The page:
Lucky, lucky you, city of Prague! This glorious city has survived over 1000 years of wars, crusades, reformations, revolutions, fires, and even communism. It is one vast, open-air museum of architecture over the ages, straddling the beautiful Vltava River, bedecked with numerous parks and gardens, and populated by the “smiling devils,” the most sophisticated and cynically intellectual people the world has ever known. Prague has known tragedy, but that has only served to build character. When the tides of empire surged through Bohemia, they arrived at Prague, were awed by the beauty and self-assurance of this magnificent city, and left it unscathed.
Prague is big. It’s also hilly. With only one full day to explore its treasures, Karel and I decided to give e-bikes a try. These are just like regular bicycles, except they’re equipped with an electric motor that kicks in when you start pedaling. It has a range of about 50 km (30 miles) and you can zip up those hills without breaking a sweat. E-bike tours and rentals are a relatively new, undiscovered phenomenon in European cities. Also, the weather was a bit rainy, which meant we lucked out and had to share our two knowledgeable tour guides with just one other tourist. We zipped from monument to palace to church, up through parks, and down through the old quarter, while our guides regaled us with stories of history, vanity, and day-to-day life. It was exhilarating!
One of the funnier stories (not precisely true, but who cares? It’s quintessentially Czech) concerned the concert hall. Atop the building were large statues of famous composers. During the Nazi occupation, it came to the attention of the German officers that one of the statues was that of Felix Mendelssohn who, although converted to Christianity later in life, was born of a prominent Jewish family. The commanding officer ordered some Czech workers to take the statue down. But which statue was Mendelssohn? The workers took a break for lunch and discussed the question over a few beers. After considerable debate and consumption of alcohol, they concluded that the statue of a Jew must obviously be the one with the biggest nose. They carefully measured each nose, and removed the winner with alacrity. The only problem was, the statue they removed was that of Richard Wagner, Hitler’s favorite composer. Oh, those smiling devils!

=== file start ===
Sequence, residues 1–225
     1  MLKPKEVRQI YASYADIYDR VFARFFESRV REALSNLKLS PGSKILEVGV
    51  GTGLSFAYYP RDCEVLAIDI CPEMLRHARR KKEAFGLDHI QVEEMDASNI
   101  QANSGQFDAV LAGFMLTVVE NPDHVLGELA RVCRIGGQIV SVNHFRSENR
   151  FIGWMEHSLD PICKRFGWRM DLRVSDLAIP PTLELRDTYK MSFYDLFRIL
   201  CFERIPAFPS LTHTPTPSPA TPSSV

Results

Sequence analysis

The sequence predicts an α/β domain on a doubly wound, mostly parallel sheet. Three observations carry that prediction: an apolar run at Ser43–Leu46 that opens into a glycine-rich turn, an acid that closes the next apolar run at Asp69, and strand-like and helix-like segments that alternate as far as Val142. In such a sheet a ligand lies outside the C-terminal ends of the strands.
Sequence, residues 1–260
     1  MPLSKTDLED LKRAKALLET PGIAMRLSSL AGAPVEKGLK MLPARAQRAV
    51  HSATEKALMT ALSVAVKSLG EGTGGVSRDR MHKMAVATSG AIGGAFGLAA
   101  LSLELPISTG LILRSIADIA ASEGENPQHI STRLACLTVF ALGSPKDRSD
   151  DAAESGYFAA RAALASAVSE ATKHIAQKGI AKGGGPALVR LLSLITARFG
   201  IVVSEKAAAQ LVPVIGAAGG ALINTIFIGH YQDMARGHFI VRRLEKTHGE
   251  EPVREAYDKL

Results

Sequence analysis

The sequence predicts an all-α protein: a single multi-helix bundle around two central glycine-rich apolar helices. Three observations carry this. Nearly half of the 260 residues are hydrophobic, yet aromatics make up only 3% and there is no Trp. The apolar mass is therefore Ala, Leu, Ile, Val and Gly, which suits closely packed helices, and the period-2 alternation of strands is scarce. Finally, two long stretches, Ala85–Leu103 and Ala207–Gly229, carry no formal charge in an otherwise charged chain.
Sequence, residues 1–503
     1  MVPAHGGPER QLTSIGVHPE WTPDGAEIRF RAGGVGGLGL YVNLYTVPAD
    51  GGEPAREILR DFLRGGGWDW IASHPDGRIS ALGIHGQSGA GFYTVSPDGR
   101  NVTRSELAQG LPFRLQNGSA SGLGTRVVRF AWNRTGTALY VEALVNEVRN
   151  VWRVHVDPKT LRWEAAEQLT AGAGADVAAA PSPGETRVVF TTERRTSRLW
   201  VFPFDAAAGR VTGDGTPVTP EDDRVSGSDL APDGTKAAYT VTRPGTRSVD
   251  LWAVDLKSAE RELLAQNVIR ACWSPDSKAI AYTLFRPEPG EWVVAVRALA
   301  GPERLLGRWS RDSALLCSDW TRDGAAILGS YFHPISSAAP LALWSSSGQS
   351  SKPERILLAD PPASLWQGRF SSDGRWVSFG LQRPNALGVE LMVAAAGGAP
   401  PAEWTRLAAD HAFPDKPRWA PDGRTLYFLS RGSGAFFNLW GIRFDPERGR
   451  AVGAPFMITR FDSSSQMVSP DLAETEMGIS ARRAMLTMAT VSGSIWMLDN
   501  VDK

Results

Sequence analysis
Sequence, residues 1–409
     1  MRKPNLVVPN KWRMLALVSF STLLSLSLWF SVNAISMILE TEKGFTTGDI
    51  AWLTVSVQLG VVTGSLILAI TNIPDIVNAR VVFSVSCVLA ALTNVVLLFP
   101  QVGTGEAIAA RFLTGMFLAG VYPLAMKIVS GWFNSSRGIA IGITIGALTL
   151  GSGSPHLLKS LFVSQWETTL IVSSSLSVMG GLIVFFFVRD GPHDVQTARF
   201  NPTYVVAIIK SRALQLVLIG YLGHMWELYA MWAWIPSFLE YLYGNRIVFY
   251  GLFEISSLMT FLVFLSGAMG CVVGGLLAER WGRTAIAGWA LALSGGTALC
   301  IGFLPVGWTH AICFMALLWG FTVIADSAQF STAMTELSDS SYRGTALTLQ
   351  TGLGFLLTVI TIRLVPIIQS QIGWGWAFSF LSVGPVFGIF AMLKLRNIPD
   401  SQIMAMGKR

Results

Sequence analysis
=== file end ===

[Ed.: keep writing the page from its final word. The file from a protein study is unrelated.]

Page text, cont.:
You see that diabolical sense of humor everywhere you go. Be sure to check out the photo gallery for some great examples. And here, for your edification, is a lesson in design derived from my direct observations of the art and architecture of this great city:
- You deserve immortality! Never miss an opportunity to create a memorial to yourself (even if you’re basically a nobody who happened to be in the right place at the right time). Put your name or image out there!
- Leave no surface undecorated! If you can’t afford gilt, use marble. If you can’t afford to carve it, paint it. Wherever possible, apply rule #1.
- You can never have too many chandeliers.
If ever there was a major city I could love, Prague is the one.This entry was posted in Vacation 2014: Europe